Interstitial Moment:

I have been part of a November fund raising project called 30 Poems for 30 Days, meaning that friends and acquaintances and poetry lovers have pledged a certain amount per poem to receive copies each day of a new poem I have written.

Which also means–no surprise!–that I have been writing a poem a day since November 1.

Now what this boils down to are a lot of good ideas and some good lines and maybe one or two good (not necessarily great) poems. But the act of sitting down each day to write a poem is both constricting (fear factor, can I actually pull off the magic trick?) and liberating (how do I know what I think till I see what I say?).

Sometimes the day dictates what I write about: going to FaerieCon, walking in New York City, Thanksgiving. Sometimes my own emotions do. But however I get to that poem, one thing is clear, writing poetry is something that needs to be practiced, a muscle that needs exercising. Ever single day.

And any poem written today will eventually have to be rewritten many times more. But that is a for the future. Right now I have my eye on the November 30 prize and how much money I am raising for the Center for New Americans.

And my head into tomorrow’s poem. Which may be about Leftovers, since this is the day after Thanksgiving.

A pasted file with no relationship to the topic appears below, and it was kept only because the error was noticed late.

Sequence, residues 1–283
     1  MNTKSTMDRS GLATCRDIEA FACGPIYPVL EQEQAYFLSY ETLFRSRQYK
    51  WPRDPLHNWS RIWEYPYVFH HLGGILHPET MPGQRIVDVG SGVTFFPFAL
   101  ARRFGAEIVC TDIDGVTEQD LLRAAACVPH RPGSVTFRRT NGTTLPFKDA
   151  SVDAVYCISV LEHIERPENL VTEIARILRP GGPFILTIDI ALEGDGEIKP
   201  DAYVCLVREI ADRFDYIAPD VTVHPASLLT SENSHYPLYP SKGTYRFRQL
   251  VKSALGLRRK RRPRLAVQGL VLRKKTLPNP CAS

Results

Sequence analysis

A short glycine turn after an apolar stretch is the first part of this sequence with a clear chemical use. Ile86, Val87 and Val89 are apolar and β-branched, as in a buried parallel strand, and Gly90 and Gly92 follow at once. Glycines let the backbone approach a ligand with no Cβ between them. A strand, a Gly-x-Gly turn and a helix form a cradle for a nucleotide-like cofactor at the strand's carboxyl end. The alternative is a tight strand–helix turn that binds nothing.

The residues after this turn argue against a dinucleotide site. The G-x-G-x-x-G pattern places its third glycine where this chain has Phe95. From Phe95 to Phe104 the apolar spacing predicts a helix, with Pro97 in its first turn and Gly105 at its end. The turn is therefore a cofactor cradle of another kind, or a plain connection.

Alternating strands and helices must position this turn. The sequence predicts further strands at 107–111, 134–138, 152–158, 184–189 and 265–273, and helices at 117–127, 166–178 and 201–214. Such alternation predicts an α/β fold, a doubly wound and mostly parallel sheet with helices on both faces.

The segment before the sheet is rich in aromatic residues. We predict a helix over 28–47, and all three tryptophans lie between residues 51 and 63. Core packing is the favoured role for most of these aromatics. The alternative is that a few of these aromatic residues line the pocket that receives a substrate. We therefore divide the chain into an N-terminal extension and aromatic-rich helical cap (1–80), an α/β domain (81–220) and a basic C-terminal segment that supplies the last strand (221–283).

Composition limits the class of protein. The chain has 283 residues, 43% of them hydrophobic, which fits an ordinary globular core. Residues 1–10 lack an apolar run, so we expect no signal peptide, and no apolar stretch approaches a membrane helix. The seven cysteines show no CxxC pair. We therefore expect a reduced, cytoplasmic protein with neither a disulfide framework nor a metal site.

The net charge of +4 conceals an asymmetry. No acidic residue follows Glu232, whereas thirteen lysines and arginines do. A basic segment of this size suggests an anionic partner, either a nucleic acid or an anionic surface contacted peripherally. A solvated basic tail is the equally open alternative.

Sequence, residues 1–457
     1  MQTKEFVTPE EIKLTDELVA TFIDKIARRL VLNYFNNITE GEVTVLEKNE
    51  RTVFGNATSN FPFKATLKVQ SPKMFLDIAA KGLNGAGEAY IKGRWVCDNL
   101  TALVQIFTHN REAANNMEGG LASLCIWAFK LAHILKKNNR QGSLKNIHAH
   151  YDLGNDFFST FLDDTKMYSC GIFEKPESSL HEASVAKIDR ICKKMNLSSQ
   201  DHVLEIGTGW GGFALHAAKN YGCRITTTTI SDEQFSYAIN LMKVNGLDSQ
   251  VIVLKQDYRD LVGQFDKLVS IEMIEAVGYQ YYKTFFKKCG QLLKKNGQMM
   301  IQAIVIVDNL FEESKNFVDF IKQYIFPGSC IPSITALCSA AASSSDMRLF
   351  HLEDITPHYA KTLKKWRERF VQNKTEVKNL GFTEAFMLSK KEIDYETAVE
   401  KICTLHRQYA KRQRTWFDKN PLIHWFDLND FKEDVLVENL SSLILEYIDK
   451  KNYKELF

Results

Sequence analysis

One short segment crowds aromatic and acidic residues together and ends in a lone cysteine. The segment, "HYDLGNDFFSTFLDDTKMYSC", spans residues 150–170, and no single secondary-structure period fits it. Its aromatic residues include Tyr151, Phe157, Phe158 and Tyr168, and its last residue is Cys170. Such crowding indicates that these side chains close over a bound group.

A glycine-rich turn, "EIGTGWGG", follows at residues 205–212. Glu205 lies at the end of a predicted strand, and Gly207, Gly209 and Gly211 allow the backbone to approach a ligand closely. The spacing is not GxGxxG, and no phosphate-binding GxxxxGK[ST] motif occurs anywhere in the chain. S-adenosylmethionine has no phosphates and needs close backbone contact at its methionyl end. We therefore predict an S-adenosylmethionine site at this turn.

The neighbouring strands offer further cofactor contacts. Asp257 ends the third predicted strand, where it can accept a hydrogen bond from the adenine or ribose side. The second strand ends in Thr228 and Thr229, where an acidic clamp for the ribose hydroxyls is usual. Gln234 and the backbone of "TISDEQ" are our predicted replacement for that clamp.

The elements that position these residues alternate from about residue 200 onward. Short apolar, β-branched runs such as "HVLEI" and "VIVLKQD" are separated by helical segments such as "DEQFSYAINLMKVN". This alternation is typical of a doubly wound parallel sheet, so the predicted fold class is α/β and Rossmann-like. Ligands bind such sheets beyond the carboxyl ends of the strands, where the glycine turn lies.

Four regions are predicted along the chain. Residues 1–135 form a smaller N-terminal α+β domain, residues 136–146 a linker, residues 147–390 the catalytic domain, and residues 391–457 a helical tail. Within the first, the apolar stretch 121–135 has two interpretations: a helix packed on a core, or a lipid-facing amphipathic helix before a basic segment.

Here are two of the poems:

Nov 8:

Annual Children’s Illustration Show

Michelson’s Gallery 2010

I envy artists the tools of their trade,

so full of color, bristle, tooth.

They live through their eyes.

A piece of white paper is saturated with life:

each line telling a story.

An arc for them, like a tree limb, carries weight.

They place a dot on the page;

it becomes an eye, falling rain,

the buttress of a tiny bridge,

the start of a new life.

Perspective bends.

A spot of red signifies

dusk, dawn, a riding hood,

trillium by a darkling river,

the bursting of a vein.

All I have is words.

Some day that may be enough.

Nov 25:

Thanksgiving, Three Prayers


How like us to load both fridges,

yours where the food has been cooked,

mine just over the brow of the hill.

The turkey remains at your house,

trussed, stuffed, ready for its big moment.

Pumpkin brulees wait in seductive ramikins

like women in white negligees.

I have the side dishes in my cooler,

plainer but no less filling.

These two refrigerators hold a lifeline between us.

Today we shuffle the food from house to house.

I save my thanks for the sun.


Friends come to eat here,

your door open to pilgrims,

Charity’s daughter.


We groan after eating, that old story.

Swear never to eat again, that old lie.

Remind ourselves to give thanks

that are never given, that old prayer.

Just happy to be together,

that old tale.

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